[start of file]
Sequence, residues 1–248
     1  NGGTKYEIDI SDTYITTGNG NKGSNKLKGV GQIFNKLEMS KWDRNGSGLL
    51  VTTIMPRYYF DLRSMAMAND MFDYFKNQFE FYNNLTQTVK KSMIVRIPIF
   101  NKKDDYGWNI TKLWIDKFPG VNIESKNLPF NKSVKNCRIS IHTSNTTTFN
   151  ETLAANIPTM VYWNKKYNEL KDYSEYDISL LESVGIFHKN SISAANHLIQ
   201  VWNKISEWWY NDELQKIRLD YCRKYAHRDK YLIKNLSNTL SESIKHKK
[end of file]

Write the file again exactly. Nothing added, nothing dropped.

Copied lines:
Sequence, residues 1–248
     1  NGGTKYEIDI SDTYITTGNG NKGSNKLKGV GQIFNKLEMS KWDRNGSGLL
    51  VTTIMPRYYF DLRSMAMAND MFDYFKNQFE FYNNLTQTVK KSMIVRIPIF
   101  NKKDDYGWNI TKLWIDKFPG VNIESKNLPF NKSVKNCRIS IHTSNTTTFN
   151  ETLAANIPTM VYWNKKYNEL KDYSEYDISL LESVGIFHKN SISAANHLIQ
   201  VWNKISEWWY NDELQKIRLD YCRKYAHRDK YLIKNLSNTL SESIKHKK